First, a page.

Who Framed Roger Rabbit (1988)

Based on the 1981 novel Who Censored Roger Rabbit? by Gary K. Wolf, this movie is from a time before crossovers and meta-based films like the latest Space Jam and Ready: Player One. It was incredibly mindblowing as a teen to watch this movie on the big screen and see Bugs Bunny and Mickey Mouse actually having a conversation.

What’s even better is that it has a film noir mystery at its center with Bob Hoskins as Eddie Valiant*, a down on his luck private investigator dealing with his hate of animated characters known as Toons which actually exist in this alternate universe.

At the time, this was the most expensive animated film ever made, but Walt Disney Studios chairman Jeffrey Katzenberg believed that live-action and animation together would save the cartoon department at Disney.

Plus, the studio brought in executive producer Steven Spielberg and his production company, Amblin Entertainment, who would get creative control and most of the box office, leaving Disney to keep merchandising rights.

Spielberg went to work getting other studios to lend their characters to the film, getting most of the Warner Brothers characters to appear but sadly failing to get Popeye, Tom and Jerry, Casper the Friendly Ghost or any of the Terrytoons.

With live action directed by Robert Zemeckis and animation by Richard Williams — along with the skills of Dean Cundy as cinematographer, Arthur Schmidt as editor and hundreds of artists making all the animation** — this film stands out as nearly the final chapter on traditional animation***.

Eisner and Roy E. Disney, vice chairman of The Walt Disney Company, felt the film was too sexual, but Zemeckis had final cut privileges (and Williams disliked Disney so much that he based his animation studio in England so they could not interfere). That’s why this was a Touchstone Pictures release instead of Disney.

Even today, Zemeckis claims that Disney will never make any of the proposed sequels, telling Den of Geek, “The current corporate Disney culture has no interest in Roger, and they certainly don’t like Jessica at all.” He also claimed that a sequel**** wouldn’t be on Disney+ as there are no princesses in it. There were, however, some animated shorts that came out after the film: Tummy Trouble proceeded Honey, I Shrunk the KidsRoller Coaster Rabbit played before Dick Tracy and Trail Mix-Up was in front of A Far Off Place.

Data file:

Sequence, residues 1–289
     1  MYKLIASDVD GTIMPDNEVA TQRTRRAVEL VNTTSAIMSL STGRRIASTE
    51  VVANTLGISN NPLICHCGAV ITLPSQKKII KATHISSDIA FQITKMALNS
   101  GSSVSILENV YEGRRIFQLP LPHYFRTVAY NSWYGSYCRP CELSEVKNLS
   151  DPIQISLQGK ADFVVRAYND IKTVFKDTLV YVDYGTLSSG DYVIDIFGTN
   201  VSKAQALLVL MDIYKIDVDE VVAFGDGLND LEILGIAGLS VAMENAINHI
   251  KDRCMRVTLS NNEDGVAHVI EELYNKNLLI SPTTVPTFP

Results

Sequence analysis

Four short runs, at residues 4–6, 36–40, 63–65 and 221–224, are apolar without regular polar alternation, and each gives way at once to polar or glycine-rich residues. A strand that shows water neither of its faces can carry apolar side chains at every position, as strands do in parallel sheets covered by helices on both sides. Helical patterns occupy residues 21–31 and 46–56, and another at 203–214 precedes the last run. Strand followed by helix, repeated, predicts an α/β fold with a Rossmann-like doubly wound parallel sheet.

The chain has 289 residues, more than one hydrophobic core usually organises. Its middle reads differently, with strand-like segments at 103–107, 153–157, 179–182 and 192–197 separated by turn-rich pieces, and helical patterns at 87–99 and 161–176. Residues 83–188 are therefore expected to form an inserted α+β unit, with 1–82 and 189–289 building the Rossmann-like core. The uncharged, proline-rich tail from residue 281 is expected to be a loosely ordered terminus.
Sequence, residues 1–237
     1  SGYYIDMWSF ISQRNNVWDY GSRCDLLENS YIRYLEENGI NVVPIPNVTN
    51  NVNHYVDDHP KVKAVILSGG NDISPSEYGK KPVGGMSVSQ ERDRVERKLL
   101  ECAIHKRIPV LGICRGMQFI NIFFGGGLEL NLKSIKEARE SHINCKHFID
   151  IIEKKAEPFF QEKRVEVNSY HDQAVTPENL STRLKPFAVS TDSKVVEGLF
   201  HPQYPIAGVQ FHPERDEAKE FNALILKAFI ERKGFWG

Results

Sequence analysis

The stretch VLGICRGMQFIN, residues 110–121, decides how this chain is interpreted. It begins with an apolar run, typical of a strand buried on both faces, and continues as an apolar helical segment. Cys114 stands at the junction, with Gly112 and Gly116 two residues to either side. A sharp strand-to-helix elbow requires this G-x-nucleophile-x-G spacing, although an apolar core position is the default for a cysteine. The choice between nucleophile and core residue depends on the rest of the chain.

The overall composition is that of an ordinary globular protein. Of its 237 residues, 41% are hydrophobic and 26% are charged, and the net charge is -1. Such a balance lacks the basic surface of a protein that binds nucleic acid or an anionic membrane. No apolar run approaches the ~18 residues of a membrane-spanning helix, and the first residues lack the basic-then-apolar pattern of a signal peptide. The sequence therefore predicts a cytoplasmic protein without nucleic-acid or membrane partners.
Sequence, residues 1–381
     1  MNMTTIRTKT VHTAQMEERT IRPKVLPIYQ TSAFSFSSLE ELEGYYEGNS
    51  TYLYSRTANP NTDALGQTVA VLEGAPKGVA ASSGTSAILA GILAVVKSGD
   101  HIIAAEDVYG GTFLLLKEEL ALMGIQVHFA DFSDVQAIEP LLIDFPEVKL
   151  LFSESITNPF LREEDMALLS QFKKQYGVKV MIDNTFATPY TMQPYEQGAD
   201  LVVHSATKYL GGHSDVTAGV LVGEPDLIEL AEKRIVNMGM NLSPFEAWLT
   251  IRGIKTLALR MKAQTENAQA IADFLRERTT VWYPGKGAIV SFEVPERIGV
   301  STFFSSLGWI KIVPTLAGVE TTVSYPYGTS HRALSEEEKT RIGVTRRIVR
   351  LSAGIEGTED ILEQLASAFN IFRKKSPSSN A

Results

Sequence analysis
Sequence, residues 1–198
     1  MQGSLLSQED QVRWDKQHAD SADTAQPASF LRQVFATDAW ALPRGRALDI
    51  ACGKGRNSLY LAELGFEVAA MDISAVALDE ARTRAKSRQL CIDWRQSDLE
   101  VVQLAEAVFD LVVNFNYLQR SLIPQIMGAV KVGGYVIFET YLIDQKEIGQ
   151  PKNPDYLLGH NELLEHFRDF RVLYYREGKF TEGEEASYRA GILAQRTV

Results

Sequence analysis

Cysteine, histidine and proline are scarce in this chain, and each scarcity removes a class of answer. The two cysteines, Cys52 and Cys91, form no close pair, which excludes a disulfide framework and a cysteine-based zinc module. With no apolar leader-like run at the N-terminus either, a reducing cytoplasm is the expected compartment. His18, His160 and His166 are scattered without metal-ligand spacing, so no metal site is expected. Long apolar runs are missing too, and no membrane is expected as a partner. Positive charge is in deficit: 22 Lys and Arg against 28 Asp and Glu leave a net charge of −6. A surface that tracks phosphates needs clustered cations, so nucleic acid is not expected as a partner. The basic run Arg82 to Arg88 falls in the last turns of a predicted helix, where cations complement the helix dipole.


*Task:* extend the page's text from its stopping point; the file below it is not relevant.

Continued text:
Instead of a detailed summary of the plot of this film, I suggest you view it for yourself. However, I will share that I absolutely love Joanna Cassidy as Eddie’s strong and capable love Dolores and Christopher Lloyd is beyond outstanding as Judge Doom. And I think it’s amazing that early versions of the script had The Toon Patrol weasels as Stupid, Smart Ass, Greasy, Wheezy and Psycho, created to be inversions of Snow White’s Seven Dwarves Doc, Grumpy, Happy, Sleepy, Bashful, Sneezy, and Dopey).

Charles Fleischer was so dedicated to his role as Roger that he dressed up on set and did his lines. And man, has any voice ever been better for a cartoon noir girl than Kathleen Turner (and Amy Irving for the singing voice)? And any movie where a cartoon baby gruffly says, “I got a thirty-year-old lust and a three-year-old dinky…”

One last fact: When Eddie takes Roger Rabbit into the back room at the bar and Dolores is sawing their handcuffs, the lamp on the ceiling bumps and swings. That’s all animation that was added to give the scene something extra. All of those shadows were drawn. That’s why the phrase “bump the lamp” is used at Disney even today when people say they need to go the extra mile to make something special, even if no one notices it.

*Test footage has Peter Renaday as Eddie Valiant, Paul Reubens as Roger Rabbit and Russi Taylor as Jessica Rabbit. Other actors who were almost Eddie include Harrison Ford, Chevy Chase, Bill Murray, Eddie Murphy, Robin Williams, Ed Harris, Charles Grodin, Robert Redford, Jack Nicholson, Sylvester Stallone, Wallace Shawn and Don Lane.

**Post-production lasted 14 months and all of the animation was made with cel art and optical tricks instead of CGI.

***It’s also the last time Mel Blanc would voice Bugs Bunny, Daffy Duck, Porky Pig, Tweety Bird, and Sylvester the Cat.

****You have no idea how badly I want to see Roger Rabbit: The Toon Platoon, a movie where Roger would have entered World War II and met his real father, Bugs Bunny.

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